Osteogenesis Imperfecta (OI) is characterized by bone fractures with minimal or no trauma, dentinogenesis imperfecta (DI) and hearing loss in adults. Fractures may occur in any bone, but most often of the limbs.
The clinical features of OI, associated with mutations in the COL1A1 (OMIM 120150) & COL1A2 (OMIM 120160) genes, represent a range that includes perinatal mortality in patients with severe skeletal deformities, mobility problems and very short stature, while there are also individuals with mutations in one of the two genes who are virtually asymptomatic or with a mild predisposition to fractures and a normal stature and life.
Osteogenesis Imperfecta is classified into four types (I, II, III, and IV) based on clinical and radiological findings. This classification scheme may be useful to provide information regarding disease prognosis and management in affected individuals.
The four types of OI are referred to as:
- OI type Ι: classic, non-deforming type
- OI type II: perinatally lethal
- OI type ΙΙΙ: progressively deforming
- OI type IV: common, variable type
Diagnosis is based on radiographic findings and also on genetic testing of the COL1A1 & COL1A2 genes, two relatively large in size genes with several mutations. Both OI types are inherited in an autosomal dominant manner and most mutations in patients are de novo, i.e. not inherited from a parent.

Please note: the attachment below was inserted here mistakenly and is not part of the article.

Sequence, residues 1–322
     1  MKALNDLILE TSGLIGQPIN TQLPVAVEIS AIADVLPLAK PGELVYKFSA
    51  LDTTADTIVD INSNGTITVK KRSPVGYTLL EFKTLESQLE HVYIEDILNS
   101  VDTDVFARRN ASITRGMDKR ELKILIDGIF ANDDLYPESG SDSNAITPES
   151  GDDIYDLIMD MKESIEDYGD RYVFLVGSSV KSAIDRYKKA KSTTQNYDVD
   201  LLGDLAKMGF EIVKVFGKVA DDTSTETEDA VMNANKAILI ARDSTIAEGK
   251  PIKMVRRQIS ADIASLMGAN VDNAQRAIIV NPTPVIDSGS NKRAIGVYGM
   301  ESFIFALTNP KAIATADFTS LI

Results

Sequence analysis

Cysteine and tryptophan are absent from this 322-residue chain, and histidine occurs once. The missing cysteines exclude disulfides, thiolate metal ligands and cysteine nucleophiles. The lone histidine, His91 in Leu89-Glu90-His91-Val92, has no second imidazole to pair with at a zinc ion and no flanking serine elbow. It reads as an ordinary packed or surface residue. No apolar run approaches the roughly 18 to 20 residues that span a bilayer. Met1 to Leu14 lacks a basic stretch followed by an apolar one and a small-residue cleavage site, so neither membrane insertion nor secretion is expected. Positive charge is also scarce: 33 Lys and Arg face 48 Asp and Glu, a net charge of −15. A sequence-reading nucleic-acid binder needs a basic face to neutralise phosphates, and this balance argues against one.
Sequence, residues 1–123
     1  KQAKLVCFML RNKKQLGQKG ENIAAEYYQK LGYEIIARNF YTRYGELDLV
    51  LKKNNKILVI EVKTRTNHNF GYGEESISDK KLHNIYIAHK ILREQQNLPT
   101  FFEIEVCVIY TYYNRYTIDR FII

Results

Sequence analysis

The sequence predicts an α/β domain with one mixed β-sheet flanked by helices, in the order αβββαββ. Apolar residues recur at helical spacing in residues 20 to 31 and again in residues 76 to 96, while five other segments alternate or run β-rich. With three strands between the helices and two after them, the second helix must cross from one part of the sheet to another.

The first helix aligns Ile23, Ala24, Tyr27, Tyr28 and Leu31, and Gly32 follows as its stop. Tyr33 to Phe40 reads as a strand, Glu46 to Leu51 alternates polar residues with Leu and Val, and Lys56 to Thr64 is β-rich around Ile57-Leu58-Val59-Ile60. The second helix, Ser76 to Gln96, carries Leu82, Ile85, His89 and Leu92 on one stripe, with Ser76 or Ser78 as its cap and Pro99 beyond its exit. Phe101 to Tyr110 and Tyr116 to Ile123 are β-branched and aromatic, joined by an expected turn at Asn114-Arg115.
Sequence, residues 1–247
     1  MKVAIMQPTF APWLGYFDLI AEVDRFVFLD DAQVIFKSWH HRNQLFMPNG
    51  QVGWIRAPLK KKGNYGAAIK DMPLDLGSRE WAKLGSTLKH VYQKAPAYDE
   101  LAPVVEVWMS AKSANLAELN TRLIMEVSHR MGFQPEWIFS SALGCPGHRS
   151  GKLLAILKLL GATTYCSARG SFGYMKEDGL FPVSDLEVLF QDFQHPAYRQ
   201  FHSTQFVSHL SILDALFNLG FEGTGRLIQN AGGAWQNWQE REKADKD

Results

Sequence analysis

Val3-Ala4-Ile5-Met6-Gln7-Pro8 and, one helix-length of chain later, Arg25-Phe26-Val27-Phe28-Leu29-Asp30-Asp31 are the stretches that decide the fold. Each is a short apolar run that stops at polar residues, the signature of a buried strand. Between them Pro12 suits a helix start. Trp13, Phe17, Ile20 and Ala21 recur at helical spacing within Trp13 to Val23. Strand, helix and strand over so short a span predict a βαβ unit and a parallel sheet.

We perform DNA sequence analysis, via Next Generation Sequencing (NGS) on a Genome Analyzer – Ion Proton platform, of all exons and intron-exon junctions/splice sites of the COL1A1 & COL1A2 genes, allowing us to detect, through the use of specially developed bioinformatics tools, >98% of all pathogenic mutations of the genes and the associated syndromes.
Where possible and/or necessary, we carry out additional MLPA analysis in order to detect deletions/duplications of the genes (please consult the final test report).
The test is highly sensitive and complex, so it is necessary that the results are assessed by a specialized team of clinical and molecular geneticists, in order to ensure safe and reliable testing.
Proper clinical genetic assessment and genetic counseling, both before and after testing, is essential in order to determine the optimum testing strategy and also to communicate properly the concepts of pathological and normal.